What is Turquoise Stabilization?
We will admit that here at The Alchemy Bench, we’re a bit of turquoise snobs. This beautiful stone has such a rich and wonderful history and we believe it deserves the very best treatment (pun!). While the idea of using raw natural turquoise straight from the earth is romantic, it is not always practical, particularly for turquoise engagement rings and wedding bands which are worn daily.
As opposed to a diamond, turquoise is a relatively soft and
porous gemstone, meaning it can fracture on impact and discolor from absorbing
skin oils and chemicals. To strengthen this beautiful stone and keep it from
discoloring, most turquoise is stabilized before use. Stabilization is
particularly important for jewelry that may see a lot of wear, such as
bracelets and rings. This is not an uncommon treatment; most turquoise jewelry
is fashioned from stabilized turquoise to preserve its beauty and
The process of stabilizing turquoise begins with the natural gemstone. This stone is soaked or pressurized with a hardening solution of resin or clear epoxy. This permeates the stone with the solution, minimizing the chance that it will discolor or fracture. After the turquoise has been fully impregnated, the stone is then cut into its desired shape and polished. Stabilization allows the turquoise to take on a beautiful shine and keeps scratches at bay.
We are in full support of turquoise stabilization because it is a minimal treatment that keeps turquoise intact and looking amazing. There are a few other treatments and sneaky imposters that we feel the need to mention, since we are on the topic.
What is Turquoise Stabilization NOT
While turquoise stabilization works with the natural stone to enhance its beauty and functionality in jewelry, there are numerous other techniques that are not as accepted in the fine jewelry market. These include color treatments, reconstitution and synthetic turquoise.
Some turquoise is not the vivid blue color that many find so appealing. In fact, turquoise ranges from dark to light and green to blue depending on the presence of iron and/or copper and other minerals in the surrounding ground. While these colors are all beautiful, most seek turquoise that is the quintessential “blue with a slight touch of green” color. In order to reach this demand, some will add blue coloring to the stabilization resin. Other dyes can be added to create a truly unique type of “turquoise” – such as purple turquoise. While there is nothing inherently wrong with dyed turquoise, we believe it is important for the customer to be aware of the treatment it has undergone.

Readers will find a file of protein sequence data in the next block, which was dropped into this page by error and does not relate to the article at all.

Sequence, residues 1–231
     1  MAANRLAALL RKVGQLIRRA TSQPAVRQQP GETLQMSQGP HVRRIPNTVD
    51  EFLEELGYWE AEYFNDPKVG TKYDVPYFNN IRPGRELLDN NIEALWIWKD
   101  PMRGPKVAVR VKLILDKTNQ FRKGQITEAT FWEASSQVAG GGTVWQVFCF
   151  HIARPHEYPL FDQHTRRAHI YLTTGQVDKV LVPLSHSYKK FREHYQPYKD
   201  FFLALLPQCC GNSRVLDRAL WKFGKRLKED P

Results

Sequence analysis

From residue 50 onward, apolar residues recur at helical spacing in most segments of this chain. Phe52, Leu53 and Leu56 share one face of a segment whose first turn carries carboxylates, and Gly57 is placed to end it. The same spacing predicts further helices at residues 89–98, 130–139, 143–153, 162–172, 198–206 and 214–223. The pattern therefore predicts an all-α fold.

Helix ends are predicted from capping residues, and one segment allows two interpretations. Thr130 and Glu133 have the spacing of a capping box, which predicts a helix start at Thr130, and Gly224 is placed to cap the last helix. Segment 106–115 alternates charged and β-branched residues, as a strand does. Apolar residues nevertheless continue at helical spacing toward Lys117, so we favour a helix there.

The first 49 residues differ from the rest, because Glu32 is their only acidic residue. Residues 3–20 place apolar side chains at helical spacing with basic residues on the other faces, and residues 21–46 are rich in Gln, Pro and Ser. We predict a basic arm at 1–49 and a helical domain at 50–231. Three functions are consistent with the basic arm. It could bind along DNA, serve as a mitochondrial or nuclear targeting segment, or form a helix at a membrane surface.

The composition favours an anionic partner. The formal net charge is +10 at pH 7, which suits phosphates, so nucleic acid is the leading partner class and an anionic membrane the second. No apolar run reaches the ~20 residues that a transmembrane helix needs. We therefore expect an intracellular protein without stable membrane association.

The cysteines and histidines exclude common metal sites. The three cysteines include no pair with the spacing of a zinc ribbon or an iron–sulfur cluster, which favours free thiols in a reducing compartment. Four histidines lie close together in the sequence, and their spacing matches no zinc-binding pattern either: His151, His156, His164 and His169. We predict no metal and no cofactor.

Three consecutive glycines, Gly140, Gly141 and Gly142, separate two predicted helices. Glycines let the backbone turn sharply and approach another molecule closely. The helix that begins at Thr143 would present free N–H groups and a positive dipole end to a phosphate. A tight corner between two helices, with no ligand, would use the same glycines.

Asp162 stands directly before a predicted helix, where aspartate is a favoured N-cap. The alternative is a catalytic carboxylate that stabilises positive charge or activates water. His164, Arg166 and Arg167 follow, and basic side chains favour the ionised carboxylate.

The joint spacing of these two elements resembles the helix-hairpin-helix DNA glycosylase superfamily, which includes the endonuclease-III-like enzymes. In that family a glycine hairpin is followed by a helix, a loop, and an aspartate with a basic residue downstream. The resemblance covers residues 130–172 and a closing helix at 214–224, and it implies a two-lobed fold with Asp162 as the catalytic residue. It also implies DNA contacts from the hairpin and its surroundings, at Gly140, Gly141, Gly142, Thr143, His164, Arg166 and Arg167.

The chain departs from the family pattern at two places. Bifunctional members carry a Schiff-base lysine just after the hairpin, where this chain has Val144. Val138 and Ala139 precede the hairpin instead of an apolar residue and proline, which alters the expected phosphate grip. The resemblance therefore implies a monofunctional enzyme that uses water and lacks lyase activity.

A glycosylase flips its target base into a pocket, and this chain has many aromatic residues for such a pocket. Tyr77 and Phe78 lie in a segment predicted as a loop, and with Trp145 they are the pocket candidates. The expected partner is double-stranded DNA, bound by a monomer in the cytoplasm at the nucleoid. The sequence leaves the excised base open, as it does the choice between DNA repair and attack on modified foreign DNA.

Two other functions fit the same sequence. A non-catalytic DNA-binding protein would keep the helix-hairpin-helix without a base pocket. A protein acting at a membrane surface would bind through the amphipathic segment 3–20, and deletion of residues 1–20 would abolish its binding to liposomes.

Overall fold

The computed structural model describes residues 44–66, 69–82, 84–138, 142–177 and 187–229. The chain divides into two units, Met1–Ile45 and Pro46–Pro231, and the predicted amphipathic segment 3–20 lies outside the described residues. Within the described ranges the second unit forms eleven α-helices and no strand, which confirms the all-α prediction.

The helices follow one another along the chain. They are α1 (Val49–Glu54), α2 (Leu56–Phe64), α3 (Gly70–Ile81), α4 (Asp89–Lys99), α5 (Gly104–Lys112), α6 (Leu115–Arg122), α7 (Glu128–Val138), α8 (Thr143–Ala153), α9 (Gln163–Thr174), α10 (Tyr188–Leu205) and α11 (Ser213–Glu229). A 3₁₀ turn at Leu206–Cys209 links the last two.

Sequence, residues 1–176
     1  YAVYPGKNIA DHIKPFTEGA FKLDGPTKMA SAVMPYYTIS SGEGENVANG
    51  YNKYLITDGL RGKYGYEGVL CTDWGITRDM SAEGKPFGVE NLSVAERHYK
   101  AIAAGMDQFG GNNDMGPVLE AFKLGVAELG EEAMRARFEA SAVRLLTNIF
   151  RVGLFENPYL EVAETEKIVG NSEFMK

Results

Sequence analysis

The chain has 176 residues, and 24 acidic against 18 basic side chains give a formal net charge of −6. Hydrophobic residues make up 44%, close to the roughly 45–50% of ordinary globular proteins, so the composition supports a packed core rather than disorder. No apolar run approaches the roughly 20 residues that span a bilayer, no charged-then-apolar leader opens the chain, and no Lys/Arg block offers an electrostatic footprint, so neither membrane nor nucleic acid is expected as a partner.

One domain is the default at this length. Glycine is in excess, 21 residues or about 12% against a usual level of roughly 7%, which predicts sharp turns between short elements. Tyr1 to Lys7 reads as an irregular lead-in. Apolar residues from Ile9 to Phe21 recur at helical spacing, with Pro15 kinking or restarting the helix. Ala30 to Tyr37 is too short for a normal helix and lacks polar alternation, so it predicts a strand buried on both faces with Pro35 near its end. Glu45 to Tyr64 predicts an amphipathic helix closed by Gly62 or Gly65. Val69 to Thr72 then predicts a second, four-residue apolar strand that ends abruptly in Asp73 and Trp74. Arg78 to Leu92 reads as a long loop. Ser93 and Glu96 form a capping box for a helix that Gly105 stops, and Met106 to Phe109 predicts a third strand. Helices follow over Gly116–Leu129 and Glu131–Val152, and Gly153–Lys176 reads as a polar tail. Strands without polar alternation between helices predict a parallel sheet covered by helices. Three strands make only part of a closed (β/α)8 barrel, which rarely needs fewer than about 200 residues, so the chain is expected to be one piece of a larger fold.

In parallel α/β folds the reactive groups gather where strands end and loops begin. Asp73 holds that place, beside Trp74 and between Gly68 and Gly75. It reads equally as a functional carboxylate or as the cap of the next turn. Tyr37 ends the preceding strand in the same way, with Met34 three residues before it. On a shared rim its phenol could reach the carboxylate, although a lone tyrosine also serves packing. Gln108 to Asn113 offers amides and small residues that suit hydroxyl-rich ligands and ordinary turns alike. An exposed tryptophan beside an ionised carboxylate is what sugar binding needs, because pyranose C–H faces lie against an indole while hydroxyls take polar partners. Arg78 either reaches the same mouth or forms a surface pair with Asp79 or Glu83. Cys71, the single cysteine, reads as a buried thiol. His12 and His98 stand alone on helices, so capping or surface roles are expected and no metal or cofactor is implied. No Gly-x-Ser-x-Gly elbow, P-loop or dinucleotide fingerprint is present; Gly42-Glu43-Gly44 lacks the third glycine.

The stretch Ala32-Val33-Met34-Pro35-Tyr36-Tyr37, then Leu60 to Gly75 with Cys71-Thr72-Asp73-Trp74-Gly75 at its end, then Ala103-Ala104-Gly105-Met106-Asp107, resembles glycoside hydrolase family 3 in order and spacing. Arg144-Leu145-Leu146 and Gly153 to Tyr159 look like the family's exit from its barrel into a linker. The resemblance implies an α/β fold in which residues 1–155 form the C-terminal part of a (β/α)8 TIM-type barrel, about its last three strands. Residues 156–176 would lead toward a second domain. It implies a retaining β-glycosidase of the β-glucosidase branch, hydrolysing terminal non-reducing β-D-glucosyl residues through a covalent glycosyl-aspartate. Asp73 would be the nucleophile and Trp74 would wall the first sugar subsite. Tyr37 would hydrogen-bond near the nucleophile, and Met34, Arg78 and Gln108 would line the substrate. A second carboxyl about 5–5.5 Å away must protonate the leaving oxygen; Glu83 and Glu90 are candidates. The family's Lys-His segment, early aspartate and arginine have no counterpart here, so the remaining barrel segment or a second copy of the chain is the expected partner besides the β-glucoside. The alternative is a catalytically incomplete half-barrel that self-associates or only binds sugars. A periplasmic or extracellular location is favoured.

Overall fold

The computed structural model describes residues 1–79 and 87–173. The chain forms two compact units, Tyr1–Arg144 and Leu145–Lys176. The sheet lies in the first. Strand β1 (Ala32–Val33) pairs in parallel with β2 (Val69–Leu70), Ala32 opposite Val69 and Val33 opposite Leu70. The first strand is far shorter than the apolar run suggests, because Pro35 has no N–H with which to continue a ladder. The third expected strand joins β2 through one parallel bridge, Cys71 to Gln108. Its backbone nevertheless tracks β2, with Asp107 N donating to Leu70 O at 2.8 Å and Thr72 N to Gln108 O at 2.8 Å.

Below is an example of purple dyed turquoise. It is a beautiful stone, but it is not natural turquoise. This was being sold at a rock and mineral show as "[insert fancy name] turquoise." The phrase "color enhanced" or "dyed" was never mentioned and we believe this is a little misleading to consumers.
Turquoise stabilization is not the same as reconstituted turquoise at all. Reconstituted turquoise is little bits of leftover turquoise ground up, mixed with glue and molded to form new “turquoise.” To put it in perspective, imagine you are hosting two dinner parties in a row. For the first, you serve delicious high-quality steak. (The steak is the turquoise in this metaphor.) Perhaps you marinate it first to enhance the flavor. This is stabilization. Now imagine at the end of the meal you scrape the bits of fat and uneaten pieces from each plate into a grinder, mix the ground-up beef in with some dough to bind it all together, press it into steak-shaped molds and serve those “steaks” at the second dinner party. This is reconstitution. Some may not notice the difference, while others would be horrified. The same is true of reconstituted turquoise. It is a great way to make very affordable turquoise jewelry, but it has no place in the fine jewelry market.
Dyed Non-Turquoise Stones
This technique is exactly what it sounds like; another stone, such as howlite, is dyed to look like turquoise. At least the base material is a natural product of the earth in this case, but it’s important for the consumer to be aware of this. Generally, if you’re dying another stone to look like turquoise, you’re not going to tell the consumer that it is not really turquoise, and that is where the danger lies.
Block Turquoise (i.e. Synthetic Turquoise)
Block turquoise is at the very bottom of the turquoise quality spectrum, because it is not actually turquoise. This is a completely synthetic material that some try to pass off as reconstituted turquoise (because there is no way you could pass this off as real turquoise.) Be very wary of those “great turquoise deals!”
See the image below? That is a string of authentic turquoise beads next to a few synthetic turquoise beads. Notice how the synthetic beads almost look like Play-Doh, with swirling colors to give them the illusion of a natural stone. The plastic beads are so obviously fake (to most people) that few would try to pass them off as real turquoise, but it is good to see the stark comparison nevertheless. More sophisticated techniques can make fake turquoise look more like the real thing, so be careful out there!
We hope you learned some new information about turquoise. As a fun exercise, take some time to scope out the turquoise jewelry during your next shopping adventure. See if you can tell fine turquoise from reconstituted or synthetic turquoise. (Hint: The price is a good indicator!) At The Alchemy Bench, all of our displayed turquoise rings are crafted from stabilized turquoise. Please be aware that this does NOT guarantee that your turquoise will never crack or discolor. Please read our jewelry care guidelines to ensure your turquoise wedding rings remain brilliant.